Politics & Tidbits: Playing chess in Albany

By Steven Sanders,

former Assembly member, 74th District

Steven Sanders

Steven Sanders

To begin to understand the machination of Albany politics especially with the state legislature, a basic understanding of chess is necessary. For they are based on the very same principles.

Chess is a game of strategy. Unlike other games, the moves made in chess are often times disguised and not always what they appear to be. First of all, in chess each player starts with 16 pieces. The pieces are of different values and are capable of making different moves across the 64 squared checkerboard. The goal in chess is to navigate across the board using your pieces in different ways to ultimately capture the opposing player’s “King.” Each player knows that in spite of starting out with 16 pieces they will lose some pieces along the way and even sacrifice some pieces in order to position themselves for victory.

To some extent that explains why Senator John Flanagan, the newly minted Senate (Republican) Majority Leader from Long Island, is so interested in New York City rent regulations. There are many more important local issues to Senator Flanagan’s constituents and fellow legislators from Nassau, Suffolk or upstate districts. But Flanagan is deftly holding on to the rent regulation issue near and dear to virtually every city legislator in the hopes of trading it or sacrificing it for something more important to his constituents and colleagues in the Senate. Each issue is like a chess piece. Each has a relative importance and each has a value if it is to be given up for something else.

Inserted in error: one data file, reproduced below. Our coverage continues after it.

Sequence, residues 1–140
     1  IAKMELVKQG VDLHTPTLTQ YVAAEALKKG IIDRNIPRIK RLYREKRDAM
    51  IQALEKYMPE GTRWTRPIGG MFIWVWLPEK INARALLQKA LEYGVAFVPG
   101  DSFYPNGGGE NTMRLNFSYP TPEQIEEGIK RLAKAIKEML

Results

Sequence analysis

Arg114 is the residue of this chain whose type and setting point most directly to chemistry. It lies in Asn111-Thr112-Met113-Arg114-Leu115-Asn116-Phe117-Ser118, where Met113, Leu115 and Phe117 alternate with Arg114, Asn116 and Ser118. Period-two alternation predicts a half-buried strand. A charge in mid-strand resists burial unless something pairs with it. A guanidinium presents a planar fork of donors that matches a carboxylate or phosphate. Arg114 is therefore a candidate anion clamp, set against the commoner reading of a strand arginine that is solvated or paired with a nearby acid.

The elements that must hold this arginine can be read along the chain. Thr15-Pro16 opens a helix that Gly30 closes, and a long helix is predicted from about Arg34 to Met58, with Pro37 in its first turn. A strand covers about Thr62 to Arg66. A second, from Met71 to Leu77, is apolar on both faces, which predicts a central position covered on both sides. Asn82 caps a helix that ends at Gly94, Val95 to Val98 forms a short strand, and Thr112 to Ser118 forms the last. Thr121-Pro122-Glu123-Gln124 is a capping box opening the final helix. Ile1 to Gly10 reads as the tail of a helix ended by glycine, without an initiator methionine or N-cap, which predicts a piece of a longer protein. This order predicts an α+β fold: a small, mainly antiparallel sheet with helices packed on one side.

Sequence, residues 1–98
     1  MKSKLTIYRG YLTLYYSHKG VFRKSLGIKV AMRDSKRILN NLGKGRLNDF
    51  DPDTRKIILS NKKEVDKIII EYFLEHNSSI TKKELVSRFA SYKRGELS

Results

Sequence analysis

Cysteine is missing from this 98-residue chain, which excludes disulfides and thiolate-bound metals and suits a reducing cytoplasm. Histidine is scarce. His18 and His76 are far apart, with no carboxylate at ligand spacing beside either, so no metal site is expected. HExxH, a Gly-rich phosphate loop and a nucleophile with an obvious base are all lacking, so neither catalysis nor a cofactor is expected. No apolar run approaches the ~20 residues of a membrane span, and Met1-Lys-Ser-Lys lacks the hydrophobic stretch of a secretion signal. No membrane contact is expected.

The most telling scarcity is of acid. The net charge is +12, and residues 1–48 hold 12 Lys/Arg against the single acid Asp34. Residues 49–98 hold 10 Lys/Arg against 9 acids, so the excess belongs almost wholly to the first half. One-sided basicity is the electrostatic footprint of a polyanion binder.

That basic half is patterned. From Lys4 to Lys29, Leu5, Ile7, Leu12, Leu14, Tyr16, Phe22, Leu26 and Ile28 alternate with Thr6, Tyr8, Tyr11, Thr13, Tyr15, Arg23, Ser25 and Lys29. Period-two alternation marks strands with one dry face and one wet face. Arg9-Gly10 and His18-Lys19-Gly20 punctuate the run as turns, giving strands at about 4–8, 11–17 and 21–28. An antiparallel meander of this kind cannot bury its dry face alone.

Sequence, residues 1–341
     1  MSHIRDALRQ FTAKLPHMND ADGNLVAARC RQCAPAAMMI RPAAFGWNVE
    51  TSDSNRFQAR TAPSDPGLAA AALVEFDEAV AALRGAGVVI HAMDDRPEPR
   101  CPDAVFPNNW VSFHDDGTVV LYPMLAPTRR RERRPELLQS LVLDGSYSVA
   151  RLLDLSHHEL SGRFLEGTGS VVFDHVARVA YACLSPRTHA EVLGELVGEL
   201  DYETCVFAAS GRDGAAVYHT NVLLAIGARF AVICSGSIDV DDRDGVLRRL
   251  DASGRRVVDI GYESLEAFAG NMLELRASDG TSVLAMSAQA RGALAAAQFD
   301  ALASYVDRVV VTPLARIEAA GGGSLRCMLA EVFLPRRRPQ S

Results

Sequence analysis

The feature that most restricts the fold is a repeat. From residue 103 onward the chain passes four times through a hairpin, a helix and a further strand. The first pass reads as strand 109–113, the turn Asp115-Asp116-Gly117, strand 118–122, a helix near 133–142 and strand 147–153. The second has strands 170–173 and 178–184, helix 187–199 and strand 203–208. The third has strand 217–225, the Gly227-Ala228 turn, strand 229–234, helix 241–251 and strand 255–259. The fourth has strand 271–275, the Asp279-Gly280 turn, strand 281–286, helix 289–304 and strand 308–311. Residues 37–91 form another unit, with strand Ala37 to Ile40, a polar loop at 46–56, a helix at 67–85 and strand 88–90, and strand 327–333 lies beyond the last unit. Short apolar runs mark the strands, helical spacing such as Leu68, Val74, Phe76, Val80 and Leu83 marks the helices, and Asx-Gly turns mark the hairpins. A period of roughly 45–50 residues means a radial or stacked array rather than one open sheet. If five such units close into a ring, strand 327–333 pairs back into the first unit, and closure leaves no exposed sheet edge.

No issue stands alone in Albany. Each issue is part of the bigger picture of what can be gained or lost in negotiations. This is probably also true of New York City mayoral control of the public schools which like New York City rent regulations must be renewed. It is very important to New York City politicians. But Flanagan and his mostly suburban and rural colleagues are holding on to both of those issues like a dog and its favorite bone.

Senator Flanagan cares much more about upstate property taxes and even some changes to the state’s restrictive gun laws (although that may now be a nonstarter following yet another gun tragedy, this time in a church in South Carolina). Flanagan also cares about upstate economic revitalization issues and even tax cuts to underwrite private and parochial school costs for parents who send their children to those schools or individuals who donate funds to those schools.

So the leaders in the Democratic Assembly led by Speaker Carl Heastie and the Senate leaders will move those issues along the checkerboard of negotiations knowing that to achieve their ultimate goals they will sacrifice some of those less important issue to gain more important issues for each of them. As for the governor, He will try to broker a deal that satisfies his political priorities by cobbling together issues that are of importance to the Assembly and the Senate that satisfies his political needs. In this case the governor is using the rent

regulation issue as leverage to procure approval from the Assembly on issues that it is less interested in, but ones that the governor has a great interest.

This is the traditional horse trading that has always been part of the Albany legislative culture of getting things done. But this gamesmanship causes great anxiety to ordinary citizens who feel like pawns in the game, especially one million New York City tenants.